Antje Ihlefeld

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In reverberant environments, acoustic reflections interfere with the direct sound arriving at a listener's ears, distorting the spatial cues for sound localization. Yet, human listeners have little difficulty localizing sounds in most settings. Because reverberant energy builds up over time, the source location is represented relatively faithfully during(More)
A masker can reduce target intelligibility both by interfering with the target's peripheral representation ("energetic masking") and/or by causing more central interference ("informational masking"). Intelligibility generally improves with increasing spatial separation between two sources, an effect known as spatial release from masking (SRM). Here, SRM was(More)
When listening selectively to one talker in a two-talker environment, performance generally improves with spatial separation of the sources. The current study explores the role of spatial separation in divided listening, when listeners reported both of two simultaneous messages processed to have little spectral overlap (limiting "energetic masking" between(More)
Two experiments explored how frequency content impacts sound localization for sounds containing reverberant energy. Virtual sound sources from thirteen lateral angles and four distances were simulated in the frontal horizontal plane using binaural room impulse responses measured in an everyday office. Experiment 1 compared localization judgments for(More)
The way in which sounds interact and interfere with each other (both acoustically and perceptually) has an important influence on how well an auditory display can convey information. While spatial separation of simultaneous sound sources has been shown to be very effective when a listener must report the content of one source and ignore another source (a(More)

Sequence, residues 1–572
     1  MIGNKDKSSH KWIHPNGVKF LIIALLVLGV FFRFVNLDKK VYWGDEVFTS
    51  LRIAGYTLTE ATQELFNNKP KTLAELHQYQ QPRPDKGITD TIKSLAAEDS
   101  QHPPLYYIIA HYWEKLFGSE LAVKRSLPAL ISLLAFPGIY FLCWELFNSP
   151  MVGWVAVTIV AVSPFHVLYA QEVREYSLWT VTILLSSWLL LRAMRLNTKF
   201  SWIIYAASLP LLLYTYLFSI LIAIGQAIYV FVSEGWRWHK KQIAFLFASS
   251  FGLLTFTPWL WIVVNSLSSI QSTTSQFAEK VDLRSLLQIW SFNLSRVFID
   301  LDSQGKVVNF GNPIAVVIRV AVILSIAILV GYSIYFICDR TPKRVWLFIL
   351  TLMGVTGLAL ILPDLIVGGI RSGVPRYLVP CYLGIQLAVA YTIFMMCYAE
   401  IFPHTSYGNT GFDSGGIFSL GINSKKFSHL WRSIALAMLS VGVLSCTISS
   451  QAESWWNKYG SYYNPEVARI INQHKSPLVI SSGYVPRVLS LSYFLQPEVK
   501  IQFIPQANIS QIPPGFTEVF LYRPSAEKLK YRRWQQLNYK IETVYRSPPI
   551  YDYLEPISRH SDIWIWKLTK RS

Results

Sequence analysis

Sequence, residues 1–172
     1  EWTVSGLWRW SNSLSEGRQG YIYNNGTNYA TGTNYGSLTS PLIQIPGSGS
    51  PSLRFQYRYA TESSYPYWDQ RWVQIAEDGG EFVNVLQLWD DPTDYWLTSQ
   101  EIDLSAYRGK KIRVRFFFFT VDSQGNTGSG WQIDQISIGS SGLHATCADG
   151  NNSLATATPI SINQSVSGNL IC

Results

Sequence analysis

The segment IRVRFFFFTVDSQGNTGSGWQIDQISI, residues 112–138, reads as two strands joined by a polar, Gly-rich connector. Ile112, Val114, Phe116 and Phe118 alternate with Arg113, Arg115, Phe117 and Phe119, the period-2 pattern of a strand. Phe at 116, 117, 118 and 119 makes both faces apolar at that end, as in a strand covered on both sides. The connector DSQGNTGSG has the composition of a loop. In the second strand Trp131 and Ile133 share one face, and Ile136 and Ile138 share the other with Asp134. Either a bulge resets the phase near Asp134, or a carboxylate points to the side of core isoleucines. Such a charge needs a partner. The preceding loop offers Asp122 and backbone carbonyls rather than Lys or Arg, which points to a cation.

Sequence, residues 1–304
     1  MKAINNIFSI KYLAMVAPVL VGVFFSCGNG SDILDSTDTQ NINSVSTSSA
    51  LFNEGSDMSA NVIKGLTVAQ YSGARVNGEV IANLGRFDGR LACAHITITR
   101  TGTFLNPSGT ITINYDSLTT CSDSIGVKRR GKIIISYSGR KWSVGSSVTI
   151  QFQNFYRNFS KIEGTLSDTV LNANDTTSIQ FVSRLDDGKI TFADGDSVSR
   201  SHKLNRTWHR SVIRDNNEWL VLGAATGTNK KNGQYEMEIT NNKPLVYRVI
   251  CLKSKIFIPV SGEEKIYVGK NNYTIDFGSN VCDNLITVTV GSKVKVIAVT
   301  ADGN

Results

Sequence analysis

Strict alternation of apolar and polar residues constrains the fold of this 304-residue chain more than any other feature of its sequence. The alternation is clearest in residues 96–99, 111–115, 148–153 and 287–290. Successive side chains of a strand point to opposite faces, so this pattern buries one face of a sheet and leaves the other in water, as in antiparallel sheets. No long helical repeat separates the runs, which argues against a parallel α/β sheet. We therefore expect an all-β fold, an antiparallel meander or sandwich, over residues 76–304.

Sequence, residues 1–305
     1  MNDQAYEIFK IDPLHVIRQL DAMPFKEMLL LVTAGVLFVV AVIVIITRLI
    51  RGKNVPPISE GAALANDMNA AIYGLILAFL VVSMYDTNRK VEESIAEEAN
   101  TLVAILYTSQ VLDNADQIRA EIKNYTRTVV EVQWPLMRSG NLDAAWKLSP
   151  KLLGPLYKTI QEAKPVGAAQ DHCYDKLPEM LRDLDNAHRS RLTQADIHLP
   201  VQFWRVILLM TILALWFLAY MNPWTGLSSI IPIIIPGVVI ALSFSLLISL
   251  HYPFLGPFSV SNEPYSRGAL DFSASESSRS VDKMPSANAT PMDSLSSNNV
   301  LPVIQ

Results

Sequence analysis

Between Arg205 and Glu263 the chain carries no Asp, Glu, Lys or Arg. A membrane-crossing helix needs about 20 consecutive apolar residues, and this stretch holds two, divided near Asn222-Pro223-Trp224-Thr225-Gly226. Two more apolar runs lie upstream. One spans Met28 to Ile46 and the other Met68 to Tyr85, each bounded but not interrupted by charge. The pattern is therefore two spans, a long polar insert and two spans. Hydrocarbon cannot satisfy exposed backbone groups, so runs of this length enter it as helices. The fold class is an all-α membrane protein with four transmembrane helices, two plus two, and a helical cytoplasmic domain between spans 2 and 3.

If spatial attention acts like a "spotlight," focusing on one location and excluding others, it may be advantageous to have all targets of interest within the same spatial region. This hypothesis was explored using a task where listeners reported keywords from two simultaneous talkers. In Experiment 1, the two talkers were placed symmetrically about the(More)
Experiment 1 replicated the finding that normal-hearing listeners identify speech better in modulated than in unmodulated noise. This modulated-unmodulated difference ("MUD") has been previously shown to be reduced or absent for cochlear-implant listeners and for normal-hearing listeners presented with noise-vocoded speech. Experiments 2-3 presented(More)
The current study examined how cochlear implant (CI) listeners combine temporally interleaved envelope-ITD information across two sites of stimulation. When two cochlear sites jointly transmit ITD information, one possibility is that CI listeners can extract the most reliable ITD cues available. As a result, ITD sensitivity would be sustained or enhanced(More)
For normal-hearing (NH) listeners, masker energy outside the spectral region of a target signal can improve target detection and identification, a phenomenon referred to as comodulation masking release (CMR). This study examined whether, for cochlear implant (CI) listeners and for NH listeners presented with a "noise vocoded" CI simulation, speech(More)
When competing sources come from different directions, a desired target is easier to hear than when the sources are co-located. How much of this improvement is the result of spatial attention rather than improved perceptual segregation of the competing sources is not well understood. Here, listeners' attention was directed to spatial or nonspatial cues when(More)